The religious freedom we have here in Ghana is amazing. I can even get lost in worship in a store in town with the awesome worship songs played over the sound system in many stores. I’ve even seen employees freely worshiping. They are singing happily, themselves sort of glowing with a joy and peace. It is truly refreshing.
From 1978 to 1980 Dayle and I worked in the Cerma (pronounced Care-Mah), language in Burkina Faso. We lived in a place named Niangoloko. The official language of Burkina Faso is French, but it was only used in government offices. There are over 70 languages spoken in Burkina Faso. Cerma was only spoken by about 70,000 of the then 7 million people in Burkina Faso. So, on the street people who did not speak the same mother tongue used a regional language called Jula.
We were cooperating with a mission which had been in the area for quite a few years. They were doing church planting and evangelism while we did Bible translation. There were few Christians among the Cerma. At one point, the mission announced that they were going to organization an evangelism campaign in Niangoloko. We offered to help how we could. In the end, we housed a missionary couple in our small place for a week.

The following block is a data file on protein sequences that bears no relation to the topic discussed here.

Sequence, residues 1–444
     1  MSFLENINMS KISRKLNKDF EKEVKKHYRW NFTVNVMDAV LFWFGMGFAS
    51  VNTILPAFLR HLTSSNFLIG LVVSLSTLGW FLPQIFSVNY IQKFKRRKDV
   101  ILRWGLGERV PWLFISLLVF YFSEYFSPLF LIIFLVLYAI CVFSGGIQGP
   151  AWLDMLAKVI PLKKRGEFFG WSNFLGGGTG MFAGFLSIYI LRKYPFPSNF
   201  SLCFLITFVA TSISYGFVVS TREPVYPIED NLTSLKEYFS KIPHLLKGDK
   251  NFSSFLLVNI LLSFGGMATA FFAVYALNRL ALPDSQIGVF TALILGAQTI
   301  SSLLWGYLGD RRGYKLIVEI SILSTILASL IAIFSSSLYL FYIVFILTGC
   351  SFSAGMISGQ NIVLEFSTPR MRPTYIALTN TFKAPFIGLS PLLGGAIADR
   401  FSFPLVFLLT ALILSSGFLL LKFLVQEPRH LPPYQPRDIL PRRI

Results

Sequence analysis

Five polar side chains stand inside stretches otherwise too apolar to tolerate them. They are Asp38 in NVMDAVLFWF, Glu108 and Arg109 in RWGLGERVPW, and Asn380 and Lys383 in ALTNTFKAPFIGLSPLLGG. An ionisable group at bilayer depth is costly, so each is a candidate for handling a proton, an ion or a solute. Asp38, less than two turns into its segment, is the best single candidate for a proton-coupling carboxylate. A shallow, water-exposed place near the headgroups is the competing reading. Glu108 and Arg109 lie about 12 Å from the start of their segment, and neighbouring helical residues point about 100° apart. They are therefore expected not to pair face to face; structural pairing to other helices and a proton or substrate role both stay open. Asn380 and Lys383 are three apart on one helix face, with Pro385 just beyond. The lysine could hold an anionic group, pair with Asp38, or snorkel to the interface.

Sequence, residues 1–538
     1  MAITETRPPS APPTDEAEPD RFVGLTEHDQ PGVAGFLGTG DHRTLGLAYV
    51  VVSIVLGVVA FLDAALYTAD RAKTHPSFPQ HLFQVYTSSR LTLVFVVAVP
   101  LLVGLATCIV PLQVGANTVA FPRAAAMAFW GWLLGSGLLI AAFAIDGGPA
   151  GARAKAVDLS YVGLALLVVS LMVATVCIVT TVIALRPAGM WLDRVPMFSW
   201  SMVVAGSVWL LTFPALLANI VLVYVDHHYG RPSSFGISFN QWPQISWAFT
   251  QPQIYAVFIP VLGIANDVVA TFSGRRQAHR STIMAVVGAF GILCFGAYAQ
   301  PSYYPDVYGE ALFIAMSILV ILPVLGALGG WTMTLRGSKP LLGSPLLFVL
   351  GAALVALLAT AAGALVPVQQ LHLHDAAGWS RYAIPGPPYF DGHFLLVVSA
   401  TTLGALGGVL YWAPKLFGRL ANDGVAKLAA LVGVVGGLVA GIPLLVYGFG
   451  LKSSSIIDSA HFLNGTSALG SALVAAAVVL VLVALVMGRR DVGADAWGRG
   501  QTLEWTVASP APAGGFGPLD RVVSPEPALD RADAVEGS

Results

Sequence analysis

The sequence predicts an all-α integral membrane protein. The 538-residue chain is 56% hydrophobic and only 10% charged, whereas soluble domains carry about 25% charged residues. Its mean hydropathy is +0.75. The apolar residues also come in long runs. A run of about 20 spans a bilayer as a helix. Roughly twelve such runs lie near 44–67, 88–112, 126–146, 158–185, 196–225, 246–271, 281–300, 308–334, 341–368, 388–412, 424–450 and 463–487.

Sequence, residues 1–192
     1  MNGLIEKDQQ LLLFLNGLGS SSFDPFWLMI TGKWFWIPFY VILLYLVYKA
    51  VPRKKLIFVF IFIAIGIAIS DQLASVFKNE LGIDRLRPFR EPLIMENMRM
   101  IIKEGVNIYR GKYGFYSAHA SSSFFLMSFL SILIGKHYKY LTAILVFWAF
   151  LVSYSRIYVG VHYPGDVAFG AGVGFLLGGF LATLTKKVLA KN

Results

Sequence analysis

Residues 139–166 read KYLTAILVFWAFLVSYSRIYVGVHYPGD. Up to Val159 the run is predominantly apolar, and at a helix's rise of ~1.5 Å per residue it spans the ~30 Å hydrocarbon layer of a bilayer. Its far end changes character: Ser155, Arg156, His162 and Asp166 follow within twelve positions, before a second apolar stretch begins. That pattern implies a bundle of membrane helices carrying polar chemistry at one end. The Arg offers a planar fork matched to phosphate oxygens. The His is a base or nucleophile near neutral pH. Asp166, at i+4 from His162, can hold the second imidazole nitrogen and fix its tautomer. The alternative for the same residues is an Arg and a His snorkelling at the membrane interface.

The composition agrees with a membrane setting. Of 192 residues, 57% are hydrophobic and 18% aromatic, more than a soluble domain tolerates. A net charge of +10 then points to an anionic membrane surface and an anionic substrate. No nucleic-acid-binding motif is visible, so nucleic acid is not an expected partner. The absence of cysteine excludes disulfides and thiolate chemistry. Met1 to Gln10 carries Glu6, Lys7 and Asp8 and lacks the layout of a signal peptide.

The evangelism campaign was being put on by American missionaries and pastors from Burkina Faso. The main activity took place in the evening. There was preaching and sometimes the showing of a film in the main town square. Quite a few people came and listened. Some responded to the message, but not a lot. Because none of the missionaries or national pastors spoke Cerma, all the preaching was in Jula. We were even told that ,”Everyone speaks Jula”. Neither Dayle nor I spoke it at all.
During the week of the campaign, we continued working on language learning and analysis of the Cerma language in preparation for translation. We were working with a young Cerma man name Emile. One morning, he told said that many people were asking about a word which had been used in the preaching in Jula the night before. He wanted me to find out what it meant. When I suggested that he ask directly, he insisted that I ask.
So I wrote down the Jula word and in the course of the day I posed the question to the missionary staying at our house. He was surprised. The Jula word meant “eternal life” and that had been the subject of the preaching the previous evening. Well, I guess that was one sermon no one understood!
In the course of my years in Africa, I have come to realize how precarious communication can be when one depends on a regional language like Jula. People may speak it fluently for everyday matters – family information, shopping, farming – but lack the vocabulary for other topics which never come up when speaking the regional language.